And if there ever is a referendum, he wants to fight it on an appeal to the head rather than the heart and with a focus on the financial cost of independence. “There are many unanswered questions and I would want people to look at the facts and make decisions on facts, facts alone, because it’s the facts that will pay their pensions,” he says.
“I hope people will look at that in the cold light of day and think less about Boris and Nicola. Because they’ll be done and dusted and gone a long time by the time people, a young generation who may seem romantically attracted to the notion of independence, will have to live with the economic consequences of it.”
Sturgeon has promised to lead an independent Scotland back into the EU, and more than 170 European writers, artists and intellectuals this week called on EU leaders to offer the country a simple route towards EU membership. Michael Keating, a political scientist specialising in nationalism, the EU and devolution, believes that accession will not be a problem but that Scotland will have to move into the core of the EU to thrive within it.
“You can be a big state on the periphery, you can be a large state in the centre. But if a small state is going to be on the periphery it’s in a position of weakness. I think you get more influence the deeper you get into it,” he says.
The SNP have in the past been torn between the Irish model of deep integration into the EU and that of Denmark and Sweden, which are outside the euro. Kirsty Hughes, who runs the Scottish Centre on European Relations, says Scots who admire how Ireland had the support of other member states during the Brexit negotiations do not get the point that Ireland chose to be a core member state.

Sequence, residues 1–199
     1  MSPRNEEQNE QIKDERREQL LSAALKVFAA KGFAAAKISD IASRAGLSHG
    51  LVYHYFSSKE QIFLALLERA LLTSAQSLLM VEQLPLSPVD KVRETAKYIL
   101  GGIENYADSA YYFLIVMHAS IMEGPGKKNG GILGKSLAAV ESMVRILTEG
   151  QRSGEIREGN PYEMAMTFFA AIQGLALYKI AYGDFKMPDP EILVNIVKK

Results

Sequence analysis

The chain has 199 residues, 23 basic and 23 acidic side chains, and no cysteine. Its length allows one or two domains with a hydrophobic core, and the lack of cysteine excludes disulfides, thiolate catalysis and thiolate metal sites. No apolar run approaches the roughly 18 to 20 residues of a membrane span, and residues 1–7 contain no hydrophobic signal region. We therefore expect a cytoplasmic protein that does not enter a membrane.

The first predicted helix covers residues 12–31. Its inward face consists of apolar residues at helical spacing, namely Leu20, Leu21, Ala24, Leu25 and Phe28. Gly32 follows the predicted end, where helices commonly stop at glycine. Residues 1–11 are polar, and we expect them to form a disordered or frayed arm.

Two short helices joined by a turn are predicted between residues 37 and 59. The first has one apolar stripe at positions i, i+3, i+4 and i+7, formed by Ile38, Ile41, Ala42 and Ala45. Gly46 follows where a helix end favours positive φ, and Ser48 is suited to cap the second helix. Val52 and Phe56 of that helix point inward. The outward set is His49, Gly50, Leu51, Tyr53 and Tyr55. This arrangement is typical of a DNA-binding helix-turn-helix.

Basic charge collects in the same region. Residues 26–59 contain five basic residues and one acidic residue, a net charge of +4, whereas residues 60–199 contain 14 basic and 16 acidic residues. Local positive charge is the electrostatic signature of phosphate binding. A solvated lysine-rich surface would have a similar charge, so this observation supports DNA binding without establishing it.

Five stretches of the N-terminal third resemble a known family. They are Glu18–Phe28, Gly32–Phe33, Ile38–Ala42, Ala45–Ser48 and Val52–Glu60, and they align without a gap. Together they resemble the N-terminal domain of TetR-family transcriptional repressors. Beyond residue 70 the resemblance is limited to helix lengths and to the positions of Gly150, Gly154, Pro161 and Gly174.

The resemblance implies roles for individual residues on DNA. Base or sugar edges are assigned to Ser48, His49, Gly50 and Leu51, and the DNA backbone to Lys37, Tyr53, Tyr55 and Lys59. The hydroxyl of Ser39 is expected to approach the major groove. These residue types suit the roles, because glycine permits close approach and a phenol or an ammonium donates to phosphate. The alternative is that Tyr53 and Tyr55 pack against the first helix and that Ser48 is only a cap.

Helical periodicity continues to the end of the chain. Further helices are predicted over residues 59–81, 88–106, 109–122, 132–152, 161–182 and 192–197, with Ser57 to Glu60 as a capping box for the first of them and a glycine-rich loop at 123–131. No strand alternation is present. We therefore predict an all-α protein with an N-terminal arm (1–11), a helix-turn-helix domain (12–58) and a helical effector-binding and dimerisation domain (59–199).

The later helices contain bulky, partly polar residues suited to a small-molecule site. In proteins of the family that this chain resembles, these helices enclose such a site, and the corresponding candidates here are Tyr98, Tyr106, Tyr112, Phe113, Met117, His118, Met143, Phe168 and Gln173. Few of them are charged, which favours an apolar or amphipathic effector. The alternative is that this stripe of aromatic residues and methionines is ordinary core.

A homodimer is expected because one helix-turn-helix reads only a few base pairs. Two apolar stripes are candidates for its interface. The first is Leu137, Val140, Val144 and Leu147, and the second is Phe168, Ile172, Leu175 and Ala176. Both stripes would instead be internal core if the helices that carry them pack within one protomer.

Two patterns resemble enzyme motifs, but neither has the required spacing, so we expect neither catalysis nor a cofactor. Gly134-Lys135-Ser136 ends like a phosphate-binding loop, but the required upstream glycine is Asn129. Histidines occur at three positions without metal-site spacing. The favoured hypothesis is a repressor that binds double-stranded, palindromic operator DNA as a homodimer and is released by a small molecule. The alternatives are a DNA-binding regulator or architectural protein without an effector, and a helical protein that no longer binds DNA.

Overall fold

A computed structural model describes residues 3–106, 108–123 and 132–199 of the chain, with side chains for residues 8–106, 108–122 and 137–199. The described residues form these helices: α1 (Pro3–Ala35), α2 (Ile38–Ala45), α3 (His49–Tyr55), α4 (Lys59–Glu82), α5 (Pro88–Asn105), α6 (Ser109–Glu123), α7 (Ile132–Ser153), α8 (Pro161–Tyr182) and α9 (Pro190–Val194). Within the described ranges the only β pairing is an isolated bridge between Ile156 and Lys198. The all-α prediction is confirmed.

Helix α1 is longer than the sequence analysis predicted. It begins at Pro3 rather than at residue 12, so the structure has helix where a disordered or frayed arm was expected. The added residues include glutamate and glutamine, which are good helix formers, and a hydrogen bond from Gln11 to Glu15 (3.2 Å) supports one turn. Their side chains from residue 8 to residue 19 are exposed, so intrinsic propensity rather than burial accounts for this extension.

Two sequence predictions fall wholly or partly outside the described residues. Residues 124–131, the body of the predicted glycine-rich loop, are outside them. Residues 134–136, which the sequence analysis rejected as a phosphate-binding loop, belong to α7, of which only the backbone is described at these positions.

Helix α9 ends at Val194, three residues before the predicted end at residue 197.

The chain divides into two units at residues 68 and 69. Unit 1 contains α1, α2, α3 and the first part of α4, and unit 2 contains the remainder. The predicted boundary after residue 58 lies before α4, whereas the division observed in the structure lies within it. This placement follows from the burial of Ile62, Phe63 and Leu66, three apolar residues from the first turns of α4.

Under the Trade and Cooperation Agreement negotiated between Britain and the EU, an independent Scotland would have a regulatory and customs border with England and Wales.
“If we adopt Sturgeon’s timetable of possibly being independent in 2026, you might be looking at joining in 2030. It’s conceivable that you might have a different government that’s taken the UK closer to the EU. You might at least have aligned with its food and animal and plant health rules. But our best bet at the moment is to do it on the basis of the Trade and Cooperation Agreement. So it will be a serious and costly border,” Hughes says.
“What I always say to people is, if you want to know what that border looks like, okay, it’s a land border, but look at the Great Britain to the Republic of Ireland border, because of the Common Travel Area.”
Sturgeon has told voters she will not call a referendum until the pandemic is over but that she hopes to do so within the next 2½ years. In the meantime, sentiment within Johnson’s government at Westminster has turned against devolution, and the Internal Market Act offers a device to clip the wings of the Scottish parliament.
McEwen believes this is a high-risk strategy that will not win over nationalists and could alienate unionists threatened by Johnson’s bypass move who are strongly committed to the Scottish parliament. And it could turn on its head the balance of risks faced by Scottish voters in an independence referendum.
“If Johnson does go down the path of recentralising and undermining the authority of the parliament, then voting against independence is no longer the risk-free option,” she says. “We’ll be balancing risks, I think. It would not just be about independence but about protecting Scottish self-government.”